During Japan’s Expo ’70 the otherworldly Tower of the Sun jutted out of the top of the giant tent surrounding it, and now, after decades of neglect, the multi-faceted, wide-winged art building has been refurbished and is finally ready to once again open its doors and allow visitors into its mysterious guts.
Finished in 1970, the 230-foot tall tower is not in fact a terrifying beast from beyond time and space, but was instead the work of artist Tarō Okamoto. The designer built the structure to represent the past, present, and future in one fluid construction, so the tower features three distinct faces. The golden face at the top of the structure represents the future and features light-up eyes. The segmented face jutting out of the tower’s "chest" is meant to represent the present while rather ominous face on the back of the tower is a sign of the past. In addition to the faces, the tower also features two 80 foot long wings on either side.
The spacious interior of the tower can be even more strange. During Expo ’70 the wide space inside of the tower featured a tall sculpture known as the "Tree of Life" which reached up into the heights of the structure. Smaller sculptures were hung from the tree’s branches creating a sort of psychedelic Christmas tree.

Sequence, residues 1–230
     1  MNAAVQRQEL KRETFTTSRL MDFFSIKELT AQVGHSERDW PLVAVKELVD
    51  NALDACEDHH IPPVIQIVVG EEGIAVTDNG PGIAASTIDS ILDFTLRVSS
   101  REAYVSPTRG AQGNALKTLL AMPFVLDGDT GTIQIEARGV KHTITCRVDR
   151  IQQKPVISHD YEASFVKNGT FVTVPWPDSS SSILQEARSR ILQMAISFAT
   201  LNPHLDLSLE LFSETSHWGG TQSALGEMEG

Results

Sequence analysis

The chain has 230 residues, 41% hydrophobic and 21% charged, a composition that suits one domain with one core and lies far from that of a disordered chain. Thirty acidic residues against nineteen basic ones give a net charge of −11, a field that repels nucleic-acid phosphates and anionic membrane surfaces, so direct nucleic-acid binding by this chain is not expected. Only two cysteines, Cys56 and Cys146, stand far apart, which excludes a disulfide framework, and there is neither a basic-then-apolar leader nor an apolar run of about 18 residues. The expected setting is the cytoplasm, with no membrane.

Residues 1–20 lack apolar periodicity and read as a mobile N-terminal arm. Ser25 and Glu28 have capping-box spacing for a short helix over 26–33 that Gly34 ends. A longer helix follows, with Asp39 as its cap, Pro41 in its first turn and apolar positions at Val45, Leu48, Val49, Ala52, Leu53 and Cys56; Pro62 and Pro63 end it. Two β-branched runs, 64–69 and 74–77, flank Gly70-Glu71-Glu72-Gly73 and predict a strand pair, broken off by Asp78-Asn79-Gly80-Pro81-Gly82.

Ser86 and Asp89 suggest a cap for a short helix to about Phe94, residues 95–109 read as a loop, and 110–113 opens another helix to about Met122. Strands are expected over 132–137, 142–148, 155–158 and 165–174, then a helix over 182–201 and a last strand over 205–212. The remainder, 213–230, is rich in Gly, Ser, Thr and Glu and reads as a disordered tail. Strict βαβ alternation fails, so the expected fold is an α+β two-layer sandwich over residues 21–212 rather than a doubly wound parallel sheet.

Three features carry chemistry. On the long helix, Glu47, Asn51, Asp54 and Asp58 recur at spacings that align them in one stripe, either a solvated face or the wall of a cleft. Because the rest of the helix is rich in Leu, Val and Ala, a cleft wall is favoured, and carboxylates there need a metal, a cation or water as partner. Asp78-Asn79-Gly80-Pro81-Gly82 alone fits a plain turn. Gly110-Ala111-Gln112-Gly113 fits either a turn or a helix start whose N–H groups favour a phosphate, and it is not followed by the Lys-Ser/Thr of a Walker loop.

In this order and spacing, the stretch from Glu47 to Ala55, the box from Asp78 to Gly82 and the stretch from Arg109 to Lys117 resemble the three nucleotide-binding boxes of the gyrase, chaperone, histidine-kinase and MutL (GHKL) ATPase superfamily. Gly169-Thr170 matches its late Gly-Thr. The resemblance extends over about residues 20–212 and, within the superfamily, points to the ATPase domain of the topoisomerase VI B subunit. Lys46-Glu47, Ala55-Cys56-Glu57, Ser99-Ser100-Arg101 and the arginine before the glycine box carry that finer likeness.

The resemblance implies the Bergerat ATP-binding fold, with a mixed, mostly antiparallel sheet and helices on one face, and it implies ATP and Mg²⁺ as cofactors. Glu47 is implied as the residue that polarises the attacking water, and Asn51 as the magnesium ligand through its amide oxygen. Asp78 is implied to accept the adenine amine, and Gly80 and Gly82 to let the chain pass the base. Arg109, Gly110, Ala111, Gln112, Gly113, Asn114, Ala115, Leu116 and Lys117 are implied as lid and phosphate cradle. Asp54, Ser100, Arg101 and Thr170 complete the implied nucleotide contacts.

Once the world’s fair it was created for ended, the Tower of the Sun was locked up and simply left to the elements where the lights in its eyes died and the entire site began to fall apart. However in recent years restoration of the tower has brought the site back to life. New lights were installed and the interior Tree of Life was dusted off and limited groups of people were finally allowed back inside. After years of touching up the Tower of the Sun is finally set to open permanently in 2014.